Yes I made a dumb mistake. Having not worked with hardwood plywood for 25
years, I sanded through an area of the veneer. Since I hadn't seen this
before I kept sanding (I swear it was thick in the good old days). I now
have a defect of about 2 by 4 on a 11 by 84 side of a nearly finished cherry
I think the best answer is veneer. This I have never done but I'm good with
1. Good or bad idea?
2. If a good idea, any good online sources.
3. Any other good solutions. I will be applying a light stain (no comments
please it's for my wife). Maybe a little darker stain and an artistic hand?
Treat it like a burn mark and read some convenient book on restoring
antiques by replacing patches of veneer. As always, lemon or diamond
shaped patches hide better than rectangles. At this stage, while
you're still sanding the whole carcase, then a good patch repair
should end up pratically invisible.
You might like to try splitting a veneer patch off a ply offcut, so as
to get a better match.
Zachary Taylor's "Decorative Wood Inlay" will tell you,
<(Amazon.com product link shortened)>
or Bennett's "Discovering and Restoring Antique Furniture" is the best
<(Amazon.com product link shortened)>
My first choice would be to put that side against the wall. If it
cannot be concealed, or the project is for a customer, you're
probably hosed. The glueline of layered veneer will be visible in
the feathering. The spot cannot be stained or painted to match
because the surrounding Cherry will change color over time.
Veneering the entire 11 x 84 piece might be a good choice - cheaper
and faster than buying another piece of plywood and remachining the
Usually on "mistakes" like this I take the opportunity to advance my craft.
If you are going to "re-veneer" it. Then get a veneer saw, and do some
marquetry style inlay. Then put the piece in a prominent place where the
"art" can be viewed.
Assuming that this is possible or practical.
Some of my mistakes get the most compliments. Only difference between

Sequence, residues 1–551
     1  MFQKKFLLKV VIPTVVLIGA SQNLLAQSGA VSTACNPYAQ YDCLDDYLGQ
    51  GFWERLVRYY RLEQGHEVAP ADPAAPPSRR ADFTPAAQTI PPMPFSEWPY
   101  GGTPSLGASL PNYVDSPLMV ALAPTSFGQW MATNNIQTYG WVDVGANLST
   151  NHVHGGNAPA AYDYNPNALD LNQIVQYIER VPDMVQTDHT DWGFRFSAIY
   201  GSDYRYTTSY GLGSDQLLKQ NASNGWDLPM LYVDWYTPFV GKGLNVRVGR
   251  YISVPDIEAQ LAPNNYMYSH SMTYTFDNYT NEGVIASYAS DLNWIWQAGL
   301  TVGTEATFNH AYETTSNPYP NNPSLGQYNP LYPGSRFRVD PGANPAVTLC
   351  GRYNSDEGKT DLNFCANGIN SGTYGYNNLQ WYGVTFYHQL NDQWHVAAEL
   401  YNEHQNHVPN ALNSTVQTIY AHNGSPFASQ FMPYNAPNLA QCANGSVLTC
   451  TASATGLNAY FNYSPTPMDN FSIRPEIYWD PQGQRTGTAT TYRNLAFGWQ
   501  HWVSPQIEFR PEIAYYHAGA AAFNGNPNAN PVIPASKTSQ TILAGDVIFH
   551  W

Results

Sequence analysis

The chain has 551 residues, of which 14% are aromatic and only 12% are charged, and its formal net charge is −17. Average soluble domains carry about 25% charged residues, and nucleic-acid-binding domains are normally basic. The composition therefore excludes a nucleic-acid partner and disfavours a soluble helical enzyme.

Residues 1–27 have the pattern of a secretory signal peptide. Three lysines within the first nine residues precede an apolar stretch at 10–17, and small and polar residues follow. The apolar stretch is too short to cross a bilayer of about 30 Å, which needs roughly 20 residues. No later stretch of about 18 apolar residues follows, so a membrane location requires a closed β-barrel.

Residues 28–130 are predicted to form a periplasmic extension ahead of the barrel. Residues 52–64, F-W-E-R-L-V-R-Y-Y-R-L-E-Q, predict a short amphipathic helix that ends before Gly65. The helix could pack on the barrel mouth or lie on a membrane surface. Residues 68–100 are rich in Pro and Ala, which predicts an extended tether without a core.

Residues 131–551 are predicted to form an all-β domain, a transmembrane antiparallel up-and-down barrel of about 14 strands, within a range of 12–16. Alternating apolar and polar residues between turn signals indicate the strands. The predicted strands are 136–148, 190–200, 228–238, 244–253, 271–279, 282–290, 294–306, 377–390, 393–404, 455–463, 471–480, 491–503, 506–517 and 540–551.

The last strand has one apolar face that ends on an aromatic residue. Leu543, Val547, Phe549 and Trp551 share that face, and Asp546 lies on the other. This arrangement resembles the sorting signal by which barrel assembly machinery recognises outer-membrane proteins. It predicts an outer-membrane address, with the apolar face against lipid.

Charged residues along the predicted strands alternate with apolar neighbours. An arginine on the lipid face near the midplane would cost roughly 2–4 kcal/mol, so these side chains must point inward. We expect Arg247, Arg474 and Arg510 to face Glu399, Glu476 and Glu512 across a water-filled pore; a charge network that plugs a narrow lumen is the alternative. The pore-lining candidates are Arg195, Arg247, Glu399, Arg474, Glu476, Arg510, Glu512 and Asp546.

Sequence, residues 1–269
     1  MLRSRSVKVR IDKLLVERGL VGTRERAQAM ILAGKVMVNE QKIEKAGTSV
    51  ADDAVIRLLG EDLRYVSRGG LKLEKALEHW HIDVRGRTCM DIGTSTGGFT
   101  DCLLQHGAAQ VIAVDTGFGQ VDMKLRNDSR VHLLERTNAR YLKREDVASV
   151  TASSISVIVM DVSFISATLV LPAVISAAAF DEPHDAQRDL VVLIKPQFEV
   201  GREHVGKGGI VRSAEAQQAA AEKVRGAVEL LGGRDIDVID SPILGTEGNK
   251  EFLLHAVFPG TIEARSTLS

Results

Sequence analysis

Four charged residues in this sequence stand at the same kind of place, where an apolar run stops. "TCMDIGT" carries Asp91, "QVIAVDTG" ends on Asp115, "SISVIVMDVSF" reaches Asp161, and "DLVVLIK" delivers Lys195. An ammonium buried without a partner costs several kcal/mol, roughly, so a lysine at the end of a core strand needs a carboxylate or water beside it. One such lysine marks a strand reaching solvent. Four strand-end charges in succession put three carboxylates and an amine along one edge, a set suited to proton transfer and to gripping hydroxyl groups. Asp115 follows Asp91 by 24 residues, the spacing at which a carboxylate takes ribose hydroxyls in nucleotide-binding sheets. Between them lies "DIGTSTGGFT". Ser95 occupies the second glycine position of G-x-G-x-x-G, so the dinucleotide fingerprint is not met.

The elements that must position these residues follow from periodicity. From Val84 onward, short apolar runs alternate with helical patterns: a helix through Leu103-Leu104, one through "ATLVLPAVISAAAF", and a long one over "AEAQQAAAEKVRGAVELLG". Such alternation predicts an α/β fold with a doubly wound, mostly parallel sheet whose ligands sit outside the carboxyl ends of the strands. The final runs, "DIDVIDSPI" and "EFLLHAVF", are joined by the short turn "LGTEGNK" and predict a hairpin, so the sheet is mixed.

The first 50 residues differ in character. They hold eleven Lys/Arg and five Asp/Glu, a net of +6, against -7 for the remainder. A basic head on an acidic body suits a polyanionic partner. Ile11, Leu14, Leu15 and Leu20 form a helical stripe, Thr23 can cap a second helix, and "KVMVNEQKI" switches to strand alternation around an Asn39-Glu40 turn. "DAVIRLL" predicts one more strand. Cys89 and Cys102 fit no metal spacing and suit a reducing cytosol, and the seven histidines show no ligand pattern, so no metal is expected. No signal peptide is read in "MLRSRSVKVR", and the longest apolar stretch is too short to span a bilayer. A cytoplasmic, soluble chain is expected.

now and when I started is that now I explain nothing. :-)
Then you don't even need Cherry veneer - but whatever you can get and an
idea for a "picture" or a pattern.
This side will be against a wall for many years. But since I haven't
put the face frame on yet nobody would know the whole sheet of venere
was there. But the "patch" idea from Andy sound like a good place to
start and if I don't like it, there is always the full sheet idea. I
always like to learn a new skill.
Dan, Real cherry veneer is available that you just peel off the paper
and stick on. piece of cake especially since you haven't added face
frames yet. If you can't find the PSA veneer just use a kraft backed
veneer and apply like formica. I do not recommend trying to cut in a
patch. Waste of mucho time and looks like ... well....crap.
I noticed that the oak ply I'm working with has a veneer only as thick as
needed to allow for the grain to present itself....
My only suggestions would be to 1) if you can remove the damaged piece, do
it, or 2) buy some 1/8" cherry plywood and cover up the damage in a way that
is balanced (i.e. if the side is damaged, recover both sides). You might be
able to then hide the seam with the face frame.
Get your Xacto knife out and cut a patch from your leftover stock, in
an elongated diamond shape.
Lift the veneer off (drill in from the back side with a drill press or
a router) and lay this over the area to be patched.
Trace it with a fine point pencil and then cut along the inside of
Done properly, your patch should lay in just fine.
On Sat, 5 Mar 2005 23:01:53 -0500, "DrDan99"
Thomas J. Watson - WoodDorker
tjwatson1ATcomcastDOTnet (real email)
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